Folding-wing biplane?

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IanJ

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I've been pondering building a plane for a year or two now, and actually gave up on it half a year ago due to the huge ongoing costs of hangaring, insurance, etc. With the return of decent flying weather, I gave the idea another shot, and ran across the Sherwood Ranger, which is a wood and metal, fabric-covered biplane kit from England. The key thing that revived my interest, though, is the fact that it's designed with folding wings in mind. Not the "30 minutes' setup" folding wings, either, but actual "pull this pin and fold" type folding, without having to rerig or detach controls, etc. The Sherwood Ranger suffers from the fact that, as far as I can tell, only one has been built in the US.

There's also the all-metal FK12 Comet, which is less interesting to me, from the standpoint that I'd like to build a wooden (or mostly wooden, anyway) airplane. It's got quick-folding wings, but it's pricey and higher performance than I want. All of my flying these days is the "around the patch" type, with maybe the odd cross-country thrown in every year or two.

The folding-wing idea appeals to me largely because I can skip the $400+/mo hangar fee (assuming I could even get a hangar), and the fast folding setup means I would actually fly the thing instead of getting that mental-inertia stop of knowing I'd have to do all that setup. If I can easily load and unload the plane from a trailer, then it can live in a garage or outbuilding.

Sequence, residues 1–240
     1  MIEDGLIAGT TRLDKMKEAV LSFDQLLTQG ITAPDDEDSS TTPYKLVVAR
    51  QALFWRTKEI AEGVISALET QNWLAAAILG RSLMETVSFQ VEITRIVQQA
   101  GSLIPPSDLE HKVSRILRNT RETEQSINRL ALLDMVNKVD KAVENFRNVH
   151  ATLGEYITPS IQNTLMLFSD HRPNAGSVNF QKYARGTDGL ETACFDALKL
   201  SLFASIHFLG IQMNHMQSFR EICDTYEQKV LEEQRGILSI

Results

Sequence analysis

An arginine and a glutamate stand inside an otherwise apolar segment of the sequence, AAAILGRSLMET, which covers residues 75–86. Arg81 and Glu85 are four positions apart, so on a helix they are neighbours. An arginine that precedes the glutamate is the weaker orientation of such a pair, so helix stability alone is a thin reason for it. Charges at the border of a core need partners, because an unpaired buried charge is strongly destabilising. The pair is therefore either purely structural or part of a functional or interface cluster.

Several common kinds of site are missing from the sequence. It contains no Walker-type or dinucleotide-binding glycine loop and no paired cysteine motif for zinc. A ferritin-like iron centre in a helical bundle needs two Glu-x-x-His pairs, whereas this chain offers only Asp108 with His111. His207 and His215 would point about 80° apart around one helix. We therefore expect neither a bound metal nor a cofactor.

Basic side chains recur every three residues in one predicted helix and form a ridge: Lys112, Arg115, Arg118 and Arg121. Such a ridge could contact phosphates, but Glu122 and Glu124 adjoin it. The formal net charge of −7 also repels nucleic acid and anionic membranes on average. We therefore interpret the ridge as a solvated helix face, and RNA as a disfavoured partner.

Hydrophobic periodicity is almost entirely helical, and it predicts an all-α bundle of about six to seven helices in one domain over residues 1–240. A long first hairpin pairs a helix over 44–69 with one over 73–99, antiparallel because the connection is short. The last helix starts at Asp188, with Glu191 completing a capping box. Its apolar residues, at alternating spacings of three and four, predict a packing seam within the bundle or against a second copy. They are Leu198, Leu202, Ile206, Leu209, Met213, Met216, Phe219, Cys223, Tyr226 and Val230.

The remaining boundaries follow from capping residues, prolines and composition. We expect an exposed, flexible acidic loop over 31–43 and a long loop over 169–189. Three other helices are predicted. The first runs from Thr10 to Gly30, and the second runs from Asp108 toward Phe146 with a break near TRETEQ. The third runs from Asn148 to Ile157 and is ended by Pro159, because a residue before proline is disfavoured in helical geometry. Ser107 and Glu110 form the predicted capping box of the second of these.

I've also run across the Fly Baby (which can be built as a bipe), but it's got a comparatively lengthy setup time, and is only available as a one-seater. The Fly Baby does appeal to me, though: being in Seattle as I am, there's a ton of FB knowledge available in the area.

I'm interested in a lightweight plane, as light as is practical to contain two human-sized people (ie, 400 lbs of person) and gas in the thing without busting the max load. Ideally, it'd have enough avionics on board to be able to fly in the Mode C veil (xponder, one COM, encoding alt or blind encoder, plus the normal VFR instruments). I'm not about to set myself up with a hand-prop engine if I can avoid it, so I can't sneak by with the "no electrical system" loophole.

So, what else is out there? Are there other planes that are lightweight, and really easily fold up? Am I courting disaster with a folding-wing setup? I'd love to have input from other homebuilders.
 

Dana

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All of the Kolb aircraft have easy (10 minutes) folding wings, though none are biplanes. Single or two seat, ultralight or LSA.